“Who Knows Where The Time Goes?” — Fairport Convention

The sun’s out and on days like today, I’m always in the mood for some hippy-trippy folk music. I’m not old enough to remember the Summer of Love or to have strolled down Haight-Ashbury in a tie-dyed T-shirt on the way to chill out somewhere for a while.

The closest I get to recreating that sensation is putting on some hippy-trippy folk music and imagining I was there.

And if it’s hippy-trippy folk music you’re after, Fairport Convention is a pretty good place to start.

I say Fairport Convention, however “Who Knows Where The Time Goes?” is all about Sandy Denny, one of the finest singers ever to set foot in a recording studio although you’ll rarely hear her name mentioned nowadays.

Sandy Denny wrote “Who Knows Where The Time Goes?”, as well as singing the track, and had previously recorded it during her short stay as a vocalist with The Strawbs. But it was in her Fairport Convention phase that “Who Knows Where The Times Goes” really entered public consciousness and became a signature song for both Sandy Denny personally and for Fairport Convention as a band.

One of two tracks she wrote for Fairport Convention’s 1969 album “Unhalfbricking” (no, I don’t know what that means either…but such was the way of album-titling in the late 1960s…), the restrained musical arrangement meant Sandy Denny’s voice was the stand-out feature on “Who Knows Where The Time Goes?”.

I read that someone (John Peel, I think) described Sandy Denny’s voice as low-key, but intense…that pretty much nails it for me.

She has a voice that draws you in to her story. You almost find yourself leaning in closer to make sure you hear every word as her soft voice shares insights from an ethereal, mythical world. Sandy Denny is pulling back the curtain on some other dimension of space and time that few people know about, and even fewer have visited.

I told you this was hippy-trippy stuff, didn’t I?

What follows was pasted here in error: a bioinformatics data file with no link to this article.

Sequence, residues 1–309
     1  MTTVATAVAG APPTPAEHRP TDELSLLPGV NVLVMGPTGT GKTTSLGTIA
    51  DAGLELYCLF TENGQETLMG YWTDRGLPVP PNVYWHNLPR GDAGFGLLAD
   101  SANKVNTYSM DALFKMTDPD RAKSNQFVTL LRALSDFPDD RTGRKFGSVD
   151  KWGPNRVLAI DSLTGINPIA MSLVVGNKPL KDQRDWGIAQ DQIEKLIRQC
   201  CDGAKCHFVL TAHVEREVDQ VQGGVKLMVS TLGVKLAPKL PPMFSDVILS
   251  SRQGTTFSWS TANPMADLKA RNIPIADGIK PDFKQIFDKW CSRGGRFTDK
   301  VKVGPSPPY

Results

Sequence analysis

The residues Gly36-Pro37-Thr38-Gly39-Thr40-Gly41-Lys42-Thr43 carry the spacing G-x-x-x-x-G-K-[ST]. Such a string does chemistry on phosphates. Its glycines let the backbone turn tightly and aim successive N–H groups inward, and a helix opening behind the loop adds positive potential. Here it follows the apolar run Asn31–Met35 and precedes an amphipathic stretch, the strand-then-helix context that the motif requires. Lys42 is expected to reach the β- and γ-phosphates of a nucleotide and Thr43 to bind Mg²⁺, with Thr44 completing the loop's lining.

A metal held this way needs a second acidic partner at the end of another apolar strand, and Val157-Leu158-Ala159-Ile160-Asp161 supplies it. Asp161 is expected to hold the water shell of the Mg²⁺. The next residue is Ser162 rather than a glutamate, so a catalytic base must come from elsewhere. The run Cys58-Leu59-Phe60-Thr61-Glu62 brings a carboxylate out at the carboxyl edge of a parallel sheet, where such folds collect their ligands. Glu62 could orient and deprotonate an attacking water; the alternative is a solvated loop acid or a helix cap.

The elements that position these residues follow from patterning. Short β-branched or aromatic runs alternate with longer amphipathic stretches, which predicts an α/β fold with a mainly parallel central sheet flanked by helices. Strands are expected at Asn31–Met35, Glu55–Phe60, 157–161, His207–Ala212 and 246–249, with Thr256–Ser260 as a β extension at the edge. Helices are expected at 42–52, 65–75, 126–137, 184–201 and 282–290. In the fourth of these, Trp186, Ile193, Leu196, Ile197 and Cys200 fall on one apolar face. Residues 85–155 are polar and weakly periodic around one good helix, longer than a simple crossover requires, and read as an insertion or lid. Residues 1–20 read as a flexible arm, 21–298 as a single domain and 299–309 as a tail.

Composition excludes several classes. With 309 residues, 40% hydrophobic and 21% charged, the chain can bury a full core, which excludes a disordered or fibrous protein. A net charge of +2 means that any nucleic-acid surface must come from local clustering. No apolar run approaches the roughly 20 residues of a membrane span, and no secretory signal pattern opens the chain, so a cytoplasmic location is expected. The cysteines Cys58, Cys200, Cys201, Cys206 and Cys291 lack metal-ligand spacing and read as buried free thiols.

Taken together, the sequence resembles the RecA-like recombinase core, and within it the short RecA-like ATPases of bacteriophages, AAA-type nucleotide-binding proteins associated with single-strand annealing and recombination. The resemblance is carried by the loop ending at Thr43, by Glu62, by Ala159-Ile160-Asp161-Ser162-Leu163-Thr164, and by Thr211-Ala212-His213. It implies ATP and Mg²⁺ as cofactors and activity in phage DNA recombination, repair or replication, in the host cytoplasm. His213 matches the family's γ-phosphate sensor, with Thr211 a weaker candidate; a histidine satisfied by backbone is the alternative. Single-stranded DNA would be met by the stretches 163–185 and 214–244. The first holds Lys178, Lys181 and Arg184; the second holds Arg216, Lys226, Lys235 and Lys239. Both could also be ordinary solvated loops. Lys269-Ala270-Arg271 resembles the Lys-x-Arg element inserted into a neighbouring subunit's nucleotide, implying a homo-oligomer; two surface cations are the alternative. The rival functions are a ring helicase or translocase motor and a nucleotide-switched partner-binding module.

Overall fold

Sadly, Sandy Denny’s hippy-trippy vibe didn’t do her much good during her short life. People with that sort of vibe can only live life on their own terms. Little details like turning up at the recording studio on time, or remembering when you’re supposed to be at the airport to go on tour can escape them…which frustrates band members, and usually ends badly.

That’s exactly the way it went for Sandy Denny…although I’m sure her fondness for a range of harmful substances, consumed to excess, amplified the hippy-trippy side of her personality, rather than bringing it under control.

When you’re not entirely of this world, like Sandy Denny, life can be pretty tough.

I’m not under-stating how tough it was on her band-mates, family and those around her too, by the way. They were trying to make things happen, do the right thing, live up to their recording contract and other things of this world…no doubt it was frustrating to be contractually-obliged to do this in the company of someone who unintentionally got in the way of so many of their well-laid plans.

It’s easy to see how why, sooner or later, the people in Sandy Denny’s life gave up, if only to preserve their own sanity.

Sandy Denny and people like her think they’re just being themselves, which is what you’re supposed to do, right? But all people around them keep leaving. That gets dispiriting after a while, even if a little bit of them knows they’re at least partly to blame.

I always imagined Sandy Denny was writing about all the people she knew well, her circle of family and friends who’d all turned their backs on her, when she wrote…